When they revealed the Playstation 3D Display, Sony explained that its purpose was to make 3D affordable and accessible to the masses.  Sony’s marketing team didn’t seem to realize the public’s general apathy towards 3D (a lesson Nintendo would learn the hard way as well).  There were some people looking for 3D TVs, but those people were not interested in a meager 24″ screen.  The Playstation 3D Display’s size did make it appealing to someone in a dorm room or someone looking for a second TV for the bedroom, but it was prohibitively expensive for this audience.  The TV was too small for entertainment junkies and too expensive for the typical 24″ TV market.

The technology market is a volatile one, but few products have seen such an incredibly swift fall from grace.  Within weeks of its release, the Playstation 3D Display was down from 500 to 400 bucks.  By the end of two months, it was down to about 300.  This year, the device hovered around the 200 dollar mark.  It seems like the last of Sony’s stock was sold off this Black Friday for 100 bucks a pop.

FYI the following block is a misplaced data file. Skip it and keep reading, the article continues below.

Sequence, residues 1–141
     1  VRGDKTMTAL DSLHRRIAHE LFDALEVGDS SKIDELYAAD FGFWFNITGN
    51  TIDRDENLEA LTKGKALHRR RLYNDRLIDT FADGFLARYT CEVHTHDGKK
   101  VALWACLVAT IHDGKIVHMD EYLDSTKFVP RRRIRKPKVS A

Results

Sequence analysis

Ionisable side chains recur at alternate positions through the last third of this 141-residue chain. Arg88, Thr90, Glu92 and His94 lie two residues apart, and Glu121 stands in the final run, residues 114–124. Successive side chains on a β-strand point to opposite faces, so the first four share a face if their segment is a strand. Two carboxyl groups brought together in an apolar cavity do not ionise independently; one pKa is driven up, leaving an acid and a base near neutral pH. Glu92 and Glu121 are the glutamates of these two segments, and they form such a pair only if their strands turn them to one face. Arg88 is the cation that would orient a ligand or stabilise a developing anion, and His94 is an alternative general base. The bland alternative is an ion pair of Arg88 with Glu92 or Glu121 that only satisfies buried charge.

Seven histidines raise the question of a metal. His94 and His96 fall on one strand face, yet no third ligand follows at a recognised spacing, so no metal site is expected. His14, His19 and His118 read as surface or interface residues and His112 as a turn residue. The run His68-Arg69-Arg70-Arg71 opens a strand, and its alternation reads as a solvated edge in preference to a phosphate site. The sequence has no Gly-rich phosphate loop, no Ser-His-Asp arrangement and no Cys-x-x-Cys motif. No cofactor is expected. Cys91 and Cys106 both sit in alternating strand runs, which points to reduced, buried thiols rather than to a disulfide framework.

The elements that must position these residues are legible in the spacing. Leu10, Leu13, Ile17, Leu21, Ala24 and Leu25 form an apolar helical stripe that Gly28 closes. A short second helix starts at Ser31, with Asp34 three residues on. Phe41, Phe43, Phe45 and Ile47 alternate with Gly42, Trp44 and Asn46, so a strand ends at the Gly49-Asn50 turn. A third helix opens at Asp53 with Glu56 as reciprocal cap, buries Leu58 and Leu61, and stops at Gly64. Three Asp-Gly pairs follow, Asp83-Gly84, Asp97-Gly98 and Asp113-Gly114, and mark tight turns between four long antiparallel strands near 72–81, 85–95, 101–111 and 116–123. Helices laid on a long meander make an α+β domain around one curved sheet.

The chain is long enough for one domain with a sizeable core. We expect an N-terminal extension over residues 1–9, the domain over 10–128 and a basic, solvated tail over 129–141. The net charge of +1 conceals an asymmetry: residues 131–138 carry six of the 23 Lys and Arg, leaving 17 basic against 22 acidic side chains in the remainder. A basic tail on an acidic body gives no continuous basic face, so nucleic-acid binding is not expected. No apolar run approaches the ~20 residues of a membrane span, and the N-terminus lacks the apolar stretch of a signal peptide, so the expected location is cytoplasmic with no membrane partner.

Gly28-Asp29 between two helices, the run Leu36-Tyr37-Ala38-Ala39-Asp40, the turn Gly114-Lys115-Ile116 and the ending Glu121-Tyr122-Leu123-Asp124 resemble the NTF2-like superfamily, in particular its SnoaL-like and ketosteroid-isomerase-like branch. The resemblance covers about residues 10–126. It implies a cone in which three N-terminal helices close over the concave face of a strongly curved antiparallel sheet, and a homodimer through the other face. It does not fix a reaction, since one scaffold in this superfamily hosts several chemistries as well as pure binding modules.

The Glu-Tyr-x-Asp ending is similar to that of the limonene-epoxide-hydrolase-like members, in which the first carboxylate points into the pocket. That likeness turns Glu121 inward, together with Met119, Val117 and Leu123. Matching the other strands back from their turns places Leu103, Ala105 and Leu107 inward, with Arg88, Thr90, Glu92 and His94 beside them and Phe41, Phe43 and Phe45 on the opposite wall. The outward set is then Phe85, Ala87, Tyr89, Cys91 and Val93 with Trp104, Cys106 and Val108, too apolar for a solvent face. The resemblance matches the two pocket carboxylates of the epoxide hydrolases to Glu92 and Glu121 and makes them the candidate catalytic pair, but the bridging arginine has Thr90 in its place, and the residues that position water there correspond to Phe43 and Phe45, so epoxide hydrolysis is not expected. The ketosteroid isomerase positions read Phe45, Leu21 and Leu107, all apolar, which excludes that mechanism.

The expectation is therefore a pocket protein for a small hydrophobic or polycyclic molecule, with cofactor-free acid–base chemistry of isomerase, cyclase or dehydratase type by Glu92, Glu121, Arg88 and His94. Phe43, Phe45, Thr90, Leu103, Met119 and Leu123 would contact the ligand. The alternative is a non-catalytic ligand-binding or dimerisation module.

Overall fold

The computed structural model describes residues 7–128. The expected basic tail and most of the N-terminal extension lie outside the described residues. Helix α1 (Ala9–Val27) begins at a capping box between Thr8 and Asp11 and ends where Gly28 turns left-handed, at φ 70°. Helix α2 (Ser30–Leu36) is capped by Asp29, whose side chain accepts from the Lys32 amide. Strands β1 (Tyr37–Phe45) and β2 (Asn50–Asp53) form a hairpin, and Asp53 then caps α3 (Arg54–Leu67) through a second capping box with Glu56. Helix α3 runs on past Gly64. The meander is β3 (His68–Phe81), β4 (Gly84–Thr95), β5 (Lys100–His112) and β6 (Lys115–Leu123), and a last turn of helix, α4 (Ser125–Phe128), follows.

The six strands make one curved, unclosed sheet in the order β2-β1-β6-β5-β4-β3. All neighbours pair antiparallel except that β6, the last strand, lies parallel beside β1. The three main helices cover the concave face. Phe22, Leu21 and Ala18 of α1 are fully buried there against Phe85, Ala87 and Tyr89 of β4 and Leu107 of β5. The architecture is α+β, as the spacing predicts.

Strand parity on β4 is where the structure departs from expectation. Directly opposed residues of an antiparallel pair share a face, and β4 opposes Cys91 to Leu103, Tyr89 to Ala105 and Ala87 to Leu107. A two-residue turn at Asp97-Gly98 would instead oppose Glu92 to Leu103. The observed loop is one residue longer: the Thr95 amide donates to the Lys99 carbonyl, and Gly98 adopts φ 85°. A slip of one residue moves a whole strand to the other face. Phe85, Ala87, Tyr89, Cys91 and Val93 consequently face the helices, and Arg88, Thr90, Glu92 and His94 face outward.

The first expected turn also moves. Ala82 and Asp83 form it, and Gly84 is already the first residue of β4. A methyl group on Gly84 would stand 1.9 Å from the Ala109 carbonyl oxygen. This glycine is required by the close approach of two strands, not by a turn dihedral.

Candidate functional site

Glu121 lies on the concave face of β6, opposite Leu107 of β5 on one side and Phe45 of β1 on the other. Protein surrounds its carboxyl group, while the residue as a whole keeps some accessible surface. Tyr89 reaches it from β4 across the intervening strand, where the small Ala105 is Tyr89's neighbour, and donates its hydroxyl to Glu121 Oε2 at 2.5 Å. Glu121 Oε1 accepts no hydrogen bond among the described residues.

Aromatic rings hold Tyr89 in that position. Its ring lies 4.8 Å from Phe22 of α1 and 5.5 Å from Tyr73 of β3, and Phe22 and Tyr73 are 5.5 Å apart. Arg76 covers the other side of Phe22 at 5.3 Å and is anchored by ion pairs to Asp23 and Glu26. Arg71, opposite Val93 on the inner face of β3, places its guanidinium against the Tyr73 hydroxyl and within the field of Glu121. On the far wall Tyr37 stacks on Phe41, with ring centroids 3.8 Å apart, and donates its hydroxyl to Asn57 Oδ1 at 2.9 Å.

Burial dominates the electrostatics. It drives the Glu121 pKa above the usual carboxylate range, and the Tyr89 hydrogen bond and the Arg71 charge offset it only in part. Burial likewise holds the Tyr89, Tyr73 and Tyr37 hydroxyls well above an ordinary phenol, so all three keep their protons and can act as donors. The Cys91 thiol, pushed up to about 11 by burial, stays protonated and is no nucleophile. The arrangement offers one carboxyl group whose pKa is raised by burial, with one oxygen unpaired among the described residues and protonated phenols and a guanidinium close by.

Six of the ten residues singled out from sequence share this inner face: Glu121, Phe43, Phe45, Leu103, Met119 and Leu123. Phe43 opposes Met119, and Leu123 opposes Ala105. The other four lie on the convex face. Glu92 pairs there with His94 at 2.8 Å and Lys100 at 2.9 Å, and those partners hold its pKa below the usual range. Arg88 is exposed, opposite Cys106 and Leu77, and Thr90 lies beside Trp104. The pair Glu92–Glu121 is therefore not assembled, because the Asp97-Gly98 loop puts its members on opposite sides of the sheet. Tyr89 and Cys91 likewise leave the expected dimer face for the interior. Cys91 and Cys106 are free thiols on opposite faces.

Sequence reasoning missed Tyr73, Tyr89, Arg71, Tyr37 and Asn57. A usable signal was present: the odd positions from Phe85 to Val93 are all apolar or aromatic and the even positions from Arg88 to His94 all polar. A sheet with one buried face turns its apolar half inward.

Exhibit E: The Playstation Vita

Sony’s had a hard time making successful hardware, and their most recent portable console has followed that pattern. On paper, the Vita is one hell of a machine. The specs of the Playstation Vita make the 3DS look like a joke. While modern smartphones beat out the Vita, the Vita’s gaming optimization should keep it at the high end of gaming visuals for the foreseeable future. It’s the first dedicated handheld to feature twin analog sticks, and it’s rather well designed in an aesthetic sense. Its graphics approach those of the PS3 and X-Box 360.

Who Was This For?

You would assume that Sony wanted to reach the “hardcore” gamers with the Vita. They wanted the folks who play Call of Duty, Uncharted, God Of War, and maybe even games like Final Fantasy. I seriously doubt that Sony ever expected the Vita to outsell the 3DS. I think Sony expected the Vita to have a smaller market, but a market that was more willing to spend their hard earned cash on games.